A New York Times investigation is alleging that the messaging application ToTok is being used as a surveillance tool by authorities in the United Arab Emirates.
The investigation, aided by unnamed US intelligence officials, found that the UAE is using the chat app to follow users’ conversations, track locations and determine social connections.
Most of the app’s users reside in the UAE but ToTok is also surging in popularity in the US and other parts of the world.
NYT’s investigation revealed that the official developer of ToTok, Breej Holding, is believed to be a front for DarkMatter – a UAE-based cyberintelligence firm run by Emirati, Israeli, and NSA intelligence operatives.
DarkMatter is currently under an FBI investigation over its suspected involvement in cybercrimes.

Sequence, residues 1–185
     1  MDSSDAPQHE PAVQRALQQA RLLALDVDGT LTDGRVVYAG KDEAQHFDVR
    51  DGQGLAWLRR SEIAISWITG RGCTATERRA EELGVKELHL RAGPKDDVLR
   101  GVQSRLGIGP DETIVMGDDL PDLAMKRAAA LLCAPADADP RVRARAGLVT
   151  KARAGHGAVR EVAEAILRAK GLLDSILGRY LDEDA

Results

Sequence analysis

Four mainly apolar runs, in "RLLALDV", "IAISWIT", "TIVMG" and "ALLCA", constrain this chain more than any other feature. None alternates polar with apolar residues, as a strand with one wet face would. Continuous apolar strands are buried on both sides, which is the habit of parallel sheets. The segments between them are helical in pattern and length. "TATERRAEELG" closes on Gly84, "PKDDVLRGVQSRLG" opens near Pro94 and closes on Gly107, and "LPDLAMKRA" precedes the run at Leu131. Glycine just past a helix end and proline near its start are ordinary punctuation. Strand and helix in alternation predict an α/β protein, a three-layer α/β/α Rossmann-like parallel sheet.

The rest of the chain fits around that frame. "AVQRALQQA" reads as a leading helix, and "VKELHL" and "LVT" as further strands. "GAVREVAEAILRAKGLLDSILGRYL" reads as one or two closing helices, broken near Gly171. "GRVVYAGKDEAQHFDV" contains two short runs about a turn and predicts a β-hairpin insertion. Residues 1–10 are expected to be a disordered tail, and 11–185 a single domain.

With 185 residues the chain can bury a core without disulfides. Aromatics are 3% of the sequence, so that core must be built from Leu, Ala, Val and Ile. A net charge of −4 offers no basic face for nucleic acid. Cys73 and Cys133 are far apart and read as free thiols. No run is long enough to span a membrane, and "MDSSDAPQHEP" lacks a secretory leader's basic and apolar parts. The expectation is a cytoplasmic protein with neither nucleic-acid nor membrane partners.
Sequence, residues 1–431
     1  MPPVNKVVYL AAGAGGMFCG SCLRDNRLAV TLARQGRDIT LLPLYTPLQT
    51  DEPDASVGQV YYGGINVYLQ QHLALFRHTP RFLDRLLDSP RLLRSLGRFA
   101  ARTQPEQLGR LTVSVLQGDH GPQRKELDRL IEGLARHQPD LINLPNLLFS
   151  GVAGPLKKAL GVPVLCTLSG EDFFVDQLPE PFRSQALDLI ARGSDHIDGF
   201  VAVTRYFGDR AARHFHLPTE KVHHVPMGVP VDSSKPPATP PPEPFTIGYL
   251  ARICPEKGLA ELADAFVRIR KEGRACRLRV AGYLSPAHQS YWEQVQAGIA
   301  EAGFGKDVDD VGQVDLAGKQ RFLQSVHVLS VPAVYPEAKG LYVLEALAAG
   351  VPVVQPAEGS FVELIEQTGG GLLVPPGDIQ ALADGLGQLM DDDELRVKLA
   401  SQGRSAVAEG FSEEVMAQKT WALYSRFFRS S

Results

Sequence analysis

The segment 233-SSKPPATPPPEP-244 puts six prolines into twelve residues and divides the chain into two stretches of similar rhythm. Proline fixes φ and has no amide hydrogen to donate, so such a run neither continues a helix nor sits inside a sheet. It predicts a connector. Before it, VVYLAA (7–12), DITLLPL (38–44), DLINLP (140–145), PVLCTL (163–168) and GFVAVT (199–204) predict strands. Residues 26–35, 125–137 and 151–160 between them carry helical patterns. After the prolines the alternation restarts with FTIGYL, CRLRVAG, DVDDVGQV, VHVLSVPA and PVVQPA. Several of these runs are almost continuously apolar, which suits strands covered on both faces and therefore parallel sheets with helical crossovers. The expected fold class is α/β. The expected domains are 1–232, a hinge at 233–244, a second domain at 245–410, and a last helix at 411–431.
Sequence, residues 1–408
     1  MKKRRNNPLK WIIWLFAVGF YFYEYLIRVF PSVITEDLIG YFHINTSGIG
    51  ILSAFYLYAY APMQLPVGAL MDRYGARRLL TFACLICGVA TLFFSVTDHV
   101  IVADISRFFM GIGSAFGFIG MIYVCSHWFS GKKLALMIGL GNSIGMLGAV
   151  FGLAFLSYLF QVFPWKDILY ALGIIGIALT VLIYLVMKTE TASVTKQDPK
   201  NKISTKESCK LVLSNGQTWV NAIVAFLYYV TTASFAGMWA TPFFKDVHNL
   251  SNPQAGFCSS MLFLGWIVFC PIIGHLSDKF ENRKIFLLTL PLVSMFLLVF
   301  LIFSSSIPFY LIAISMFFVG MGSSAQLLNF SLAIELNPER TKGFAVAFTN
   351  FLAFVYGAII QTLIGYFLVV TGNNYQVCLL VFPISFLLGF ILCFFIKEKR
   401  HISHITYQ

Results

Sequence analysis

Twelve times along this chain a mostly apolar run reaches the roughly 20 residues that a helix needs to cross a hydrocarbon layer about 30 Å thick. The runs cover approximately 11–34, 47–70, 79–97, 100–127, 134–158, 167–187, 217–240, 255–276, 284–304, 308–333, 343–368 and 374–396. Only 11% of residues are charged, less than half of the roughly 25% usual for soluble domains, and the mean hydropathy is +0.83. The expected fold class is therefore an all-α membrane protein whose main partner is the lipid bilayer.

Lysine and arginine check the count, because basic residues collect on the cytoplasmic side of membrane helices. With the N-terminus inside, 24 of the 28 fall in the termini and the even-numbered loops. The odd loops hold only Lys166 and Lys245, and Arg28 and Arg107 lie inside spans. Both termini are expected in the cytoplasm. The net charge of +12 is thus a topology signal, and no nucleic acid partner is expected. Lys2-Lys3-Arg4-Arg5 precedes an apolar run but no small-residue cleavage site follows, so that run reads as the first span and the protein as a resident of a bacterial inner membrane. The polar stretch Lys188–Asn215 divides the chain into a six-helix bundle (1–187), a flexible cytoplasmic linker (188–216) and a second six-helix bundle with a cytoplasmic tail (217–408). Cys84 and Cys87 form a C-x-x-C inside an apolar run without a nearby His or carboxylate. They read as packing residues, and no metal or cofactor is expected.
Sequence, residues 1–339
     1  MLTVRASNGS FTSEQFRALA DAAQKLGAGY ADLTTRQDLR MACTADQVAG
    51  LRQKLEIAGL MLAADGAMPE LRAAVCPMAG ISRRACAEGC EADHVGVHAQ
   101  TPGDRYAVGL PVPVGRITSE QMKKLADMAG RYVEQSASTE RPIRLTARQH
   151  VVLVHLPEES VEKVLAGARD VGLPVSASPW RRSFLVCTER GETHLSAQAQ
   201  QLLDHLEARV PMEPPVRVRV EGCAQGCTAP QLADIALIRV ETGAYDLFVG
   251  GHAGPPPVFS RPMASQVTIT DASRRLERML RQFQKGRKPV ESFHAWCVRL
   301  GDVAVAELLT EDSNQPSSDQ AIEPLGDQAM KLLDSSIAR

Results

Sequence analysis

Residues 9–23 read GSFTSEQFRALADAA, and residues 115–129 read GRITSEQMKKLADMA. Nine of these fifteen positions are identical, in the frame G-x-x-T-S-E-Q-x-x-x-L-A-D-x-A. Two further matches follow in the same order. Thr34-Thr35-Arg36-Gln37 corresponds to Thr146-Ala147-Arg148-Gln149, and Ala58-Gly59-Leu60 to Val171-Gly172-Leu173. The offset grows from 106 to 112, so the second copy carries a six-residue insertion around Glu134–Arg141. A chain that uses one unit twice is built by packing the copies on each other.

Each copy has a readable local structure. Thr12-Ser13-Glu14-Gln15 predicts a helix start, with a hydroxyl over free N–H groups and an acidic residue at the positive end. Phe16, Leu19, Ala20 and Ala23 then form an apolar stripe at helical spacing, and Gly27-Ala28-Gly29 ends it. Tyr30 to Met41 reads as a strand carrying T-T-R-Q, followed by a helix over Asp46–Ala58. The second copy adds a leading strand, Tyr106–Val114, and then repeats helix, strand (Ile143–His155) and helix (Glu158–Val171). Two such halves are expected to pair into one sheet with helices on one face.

At first glance, ToTok’s features appear very similar to those of WhatsApp or Viber. But a closer examination exposes an Orwellian nightmare.
The app is designed to track the user’s location in return for an accurate weather forecast. Furthermore, it keeps a record of contacts that refreshes upon every new use and allows backdoor access to microphones, cameras, calendars, and pretty much all other phone data.
ToTok’s popularity is fuelled by the UAE’s highly restrictive policy toward encrypted messaging apps like Skype and WhatsApp. Moreover, the Emirati government used aggressive marketing strategies to grow its user base.
Just weeks after being released, ToTok climbed to Google Play’s top 50 most popular free apps list in countries like Saudi Arabia, the UK, India, and Sweden. Both Apple and Google have since pulled ToTok from their app stores.